Glanville appears in a recent Netflix series, ‘Pandemic’, which focused on a separate branch of his pioneering work to develop universal influenza vaccines. He is described as the David to the influenza’s Goliath and with Covid-19 he faces a similarly outsized challenge. Should his attempt to discover an antibody which reacts against Covid-19 prove a success then he says it is conceivable that a drug could be ready by September.
Even that would be too late for many. By next month, he is predicting 40,000 cases of Covid-19 in his home state of California overwhelming intensive care wards.
“There is an enemy here and that is the virus,” he says. “We all want to protect our families.”
Scientists across the world are indebted to their Chinese counterparts who on January 10 openly published the genetic sequencing of Covid-19. Organisations such as Cepi, set up in response to the lack of scientific progress during the Ebola crisis, are funding the rapid research of vaccines while governments are also pouring money into development.
At the University of Toronto, Sachdev Sidhu, a professor of molecular genetics, is leading a team part-funded by the Canadian federal government to develop successful antivirals. His work involves a pioneering technique he has developed to test millions of molecules stored in a library to assess whether one contains the crucial protease inhibitor for Covid-19 (which would help neutralise the virus).
He describes the rapid global progress that has been made so far as “a triumph of science” with the work that took a decade to understand the HIV virus being done in a month.
While he works on exploiting its Achilles heel, he says it is best to block out the human impact of Covid-19. “You can’t get emotional. That doesn’t help. Our job is to figure out what it is, how it works, and shut it down.”
Dunfermline-born researcher Kate Broderick is senior vice president of research and development at the US firm Inovio and admits she has averaged about two hours sleep each night since the virus first emerged.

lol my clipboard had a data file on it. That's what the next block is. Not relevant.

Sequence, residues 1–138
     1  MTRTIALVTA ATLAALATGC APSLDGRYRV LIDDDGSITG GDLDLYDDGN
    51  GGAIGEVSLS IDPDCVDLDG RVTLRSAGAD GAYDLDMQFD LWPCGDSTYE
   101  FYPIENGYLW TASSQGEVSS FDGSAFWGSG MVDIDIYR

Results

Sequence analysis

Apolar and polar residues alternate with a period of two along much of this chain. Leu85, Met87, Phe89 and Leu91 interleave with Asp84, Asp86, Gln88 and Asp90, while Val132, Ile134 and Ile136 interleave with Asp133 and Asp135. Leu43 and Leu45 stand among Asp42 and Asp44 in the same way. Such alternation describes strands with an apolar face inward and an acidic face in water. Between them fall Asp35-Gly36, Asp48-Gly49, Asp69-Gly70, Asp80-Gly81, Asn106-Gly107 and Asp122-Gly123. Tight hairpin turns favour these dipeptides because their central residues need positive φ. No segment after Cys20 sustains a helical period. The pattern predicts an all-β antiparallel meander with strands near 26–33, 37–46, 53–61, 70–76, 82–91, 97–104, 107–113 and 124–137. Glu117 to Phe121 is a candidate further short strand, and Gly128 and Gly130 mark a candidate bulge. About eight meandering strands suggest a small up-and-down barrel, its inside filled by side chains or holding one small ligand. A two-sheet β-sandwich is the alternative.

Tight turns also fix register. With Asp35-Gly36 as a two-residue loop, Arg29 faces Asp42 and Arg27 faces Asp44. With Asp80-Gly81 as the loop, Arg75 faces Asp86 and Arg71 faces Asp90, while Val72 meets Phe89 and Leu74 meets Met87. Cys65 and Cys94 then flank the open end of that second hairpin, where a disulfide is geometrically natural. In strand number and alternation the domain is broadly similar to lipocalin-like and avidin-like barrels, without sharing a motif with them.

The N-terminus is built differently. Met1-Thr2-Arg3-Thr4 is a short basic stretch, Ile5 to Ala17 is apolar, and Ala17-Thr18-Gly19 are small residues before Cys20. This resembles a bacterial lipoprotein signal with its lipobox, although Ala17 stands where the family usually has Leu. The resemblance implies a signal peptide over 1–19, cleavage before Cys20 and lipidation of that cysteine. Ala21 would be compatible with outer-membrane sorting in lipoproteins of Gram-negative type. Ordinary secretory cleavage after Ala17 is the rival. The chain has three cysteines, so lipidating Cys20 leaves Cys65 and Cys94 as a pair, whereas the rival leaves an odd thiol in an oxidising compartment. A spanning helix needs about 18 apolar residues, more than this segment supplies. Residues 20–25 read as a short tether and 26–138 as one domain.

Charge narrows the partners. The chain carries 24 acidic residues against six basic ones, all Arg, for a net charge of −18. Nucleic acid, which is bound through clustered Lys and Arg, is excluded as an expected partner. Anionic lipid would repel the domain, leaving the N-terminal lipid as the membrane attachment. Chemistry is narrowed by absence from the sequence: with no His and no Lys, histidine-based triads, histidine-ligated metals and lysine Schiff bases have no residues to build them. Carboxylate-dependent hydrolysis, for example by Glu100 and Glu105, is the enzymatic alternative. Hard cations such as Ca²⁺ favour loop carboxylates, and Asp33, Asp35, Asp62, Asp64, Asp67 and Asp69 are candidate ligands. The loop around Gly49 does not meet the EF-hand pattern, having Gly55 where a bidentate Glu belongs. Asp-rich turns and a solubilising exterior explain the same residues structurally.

“As a scientist and also a mum I’m extremely worried,” says the 42-year-old. “In my wildest nightmares I couldn’t have predicted two months ago, one month ago, or even a week ago, that we would be in the situation we’re in today.”
The day the Chinese authorities released the full genetic sequence of Covid-19, her company (which had previously worked on vaccines for the likes of Ebola, Sika, MERS and Lassa fever) designed a vaccine in just three hours and immediately started manufacturing small batches to test in the laboratory.
Inovio plans to begin testing the vaccine on humans in the US next month with parallel trials running in China and South Korea and will then move into phase two (of three) clinical trials experimenting on a wider group of people. She declines to put a timeline on when a vaccine might be ready but admits it will require at the very least tens of millions dollars in funding. Her team has been given a $9 million grant from the Coalition for Epidemic Preparedness Innovations, an initiative backed by Bill Gates, but far more investment is needed to make any vaccine widely available.
The crippling costs involved are where previous vaccines have faltered but with Covid-19 already proving to be like no virus the world has ever seen, precedent currently is being left by the wayside.
“This virus is absolutely remarkable to me,” she says, commenting on the speed and scale of the contagion. “And I do think people should be taking this extremely seriously.”
Back on the streets of London, thousands of volunteers are currently being assessed for their suitability for clinical trials of vaccine or antivirals for Covid-19. Hvivo (a subsidiary of the company Open Orphan) which has developed a rapid testing model has in recent days received 10,000 applications of those wishing to be injected with a close relative of Covid-19 to help discover an effective treatment.
Andrew Catchpole, a virologist and chief scientist at the firm, admits the offer of £3500 per person to spend two weeks in quarantine will be the prime motivation for some. But he detects in the surge in interest a wider appetite to pull together and be a force for societal good.
“This is a real human emergency,” he says. “And a lot of people genuinely want to do their bit.”
*Exclusive The Telegraph / The Interview People / Macau Business